In a real sense, modern U.S. federal farm policy began with President Franklin Delano Roosevelt and his Agricultural Adjustment Administration. That act set the basic policy and has simply been modified by presidents since then. The policy differences can be closely tied to each succeeding president.
Harry S. Truman assumed the presidency in April 1945 when FDR died, but Truman was elected in his own right in 1948 largely on the strength of the farm vote. Farm prices were high, in large part because of the post-war economic boom and reconstruction programs in Europe and Asia. But Truman took credit for the good prices.
“In 1932, under the Republicans,” Truman boomed from the back of his train car during a whistle stop campaign across the Midwest, “we had 15-cent corn and 3-cent hogs! … Any farmer in these United States who votes against his own interests, that is who votes the Republican ticket, ought to have his head examined.” Truman was so far behind that the Chicago Daily Tribune mistakenly printed a huge headline “Dewey Defeats Truman” based on early returns. But the farm vote, among others, put Truman over the top.
Truman promised to give the farmer a “Fair Deal” based on continuing the New Deal programs of FDR. But Congress was feeling pressure from consumers who felt that price supports were driving the cost of retail food up. In 1949, Congress cut commodity price supports back to 60 to 90 percent of parity – but not right away. Congress continued the high 100 to 110 percent of parity payments for two more years, much to the delight of farmers.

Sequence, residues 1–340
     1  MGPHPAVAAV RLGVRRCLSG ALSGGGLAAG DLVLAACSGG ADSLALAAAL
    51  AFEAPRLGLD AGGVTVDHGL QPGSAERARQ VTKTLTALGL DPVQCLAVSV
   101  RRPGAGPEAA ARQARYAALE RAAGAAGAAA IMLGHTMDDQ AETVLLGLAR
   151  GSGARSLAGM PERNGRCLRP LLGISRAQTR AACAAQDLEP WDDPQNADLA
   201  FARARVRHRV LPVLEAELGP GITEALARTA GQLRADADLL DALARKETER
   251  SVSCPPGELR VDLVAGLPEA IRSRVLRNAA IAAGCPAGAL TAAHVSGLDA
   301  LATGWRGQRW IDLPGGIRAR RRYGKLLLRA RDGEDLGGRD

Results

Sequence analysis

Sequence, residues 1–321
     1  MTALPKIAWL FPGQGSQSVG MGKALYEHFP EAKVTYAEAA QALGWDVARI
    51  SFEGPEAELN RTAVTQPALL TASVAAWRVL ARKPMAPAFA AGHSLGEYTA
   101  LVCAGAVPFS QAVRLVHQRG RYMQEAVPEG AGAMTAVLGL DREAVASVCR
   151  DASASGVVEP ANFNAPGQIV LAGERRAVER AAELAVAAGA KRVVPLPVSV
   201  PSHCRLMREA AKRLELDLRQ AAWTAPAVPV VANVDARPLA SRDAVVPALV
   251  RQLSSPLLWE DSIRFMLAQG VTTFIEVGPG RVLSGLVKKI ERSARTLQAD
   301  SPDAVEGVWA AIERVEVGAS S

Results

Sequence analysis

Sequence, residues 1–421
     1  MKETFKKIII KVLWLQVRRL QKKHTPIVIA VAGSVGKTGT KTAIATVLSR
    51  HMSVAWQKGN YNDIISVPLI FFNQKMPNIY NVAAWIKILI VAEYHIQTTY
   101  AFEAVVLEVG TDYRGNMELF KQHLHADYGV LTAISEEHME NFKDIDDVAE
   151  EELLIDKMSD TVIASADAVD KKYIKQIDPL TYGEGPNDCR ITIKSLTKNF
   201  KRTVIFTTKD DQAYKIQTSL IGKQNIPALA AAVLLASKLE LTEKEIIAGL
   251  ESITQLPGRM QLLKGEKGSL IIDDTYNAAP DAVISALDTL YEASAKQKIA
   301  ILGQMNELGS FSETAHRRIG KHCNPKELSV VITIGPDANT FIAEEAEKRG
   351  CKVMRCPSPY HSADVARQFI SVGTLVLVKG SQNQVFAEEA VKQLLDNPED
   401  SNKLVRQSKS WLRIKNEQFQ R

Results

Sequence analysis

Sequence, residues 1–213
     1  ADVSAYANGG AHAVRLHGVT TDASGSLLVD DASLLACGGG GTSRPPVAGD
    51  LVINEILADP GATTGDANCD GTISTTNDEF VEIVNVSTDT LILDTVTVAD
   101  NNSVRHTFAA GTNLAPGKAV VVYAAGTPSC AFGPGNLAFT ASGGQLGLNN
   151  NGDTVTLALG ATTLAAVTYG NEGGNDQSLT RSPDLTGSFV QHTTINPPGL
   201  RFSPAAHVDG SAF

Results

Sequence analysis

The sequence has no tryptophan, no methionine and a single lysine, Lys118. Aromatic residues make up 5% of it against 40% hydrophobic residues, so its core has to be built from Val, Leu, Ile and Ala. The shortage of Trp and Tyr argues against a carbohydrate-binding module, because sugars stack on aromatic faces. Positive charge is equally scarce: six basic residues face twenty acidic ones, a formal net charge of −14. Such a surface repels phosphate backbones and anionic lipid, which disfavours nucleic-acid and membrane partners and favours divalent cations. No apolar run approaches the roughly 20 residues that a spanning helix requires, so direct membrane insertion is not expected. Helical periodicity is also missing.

Truman’s Secretary of Agriculture, Charles F. Brannan, wanted to get off the parity formula altogether. He proposed an income standard that would be determined by a ten-year moving average. He also wanted to limit the maximum that could be paid to any one farmer based on farm size. In essence, this was a guaranteed income for farmers. If for example, wheat brought $2.00 a bushel on the open market and the target price based on the rolling average income was $3.00 a bushel, then the farmer would get a check from the government for $1.00 for every bushel he sold.
The Brannan plan became a major national issue and divided the farm community. The Farmers’ Union supported it, but the Farm Bureau, the Grange and the National Council of Farmer Cooperatives – none of whom had been consulted as the plan was developed – mustered enough votes to defeat it.
Basically, Congress’ plan of fixed price supports at 90 percent of parity for staple crops was continued until 1950, and flexible price supports between 60 and 90 percent were extended until 1954.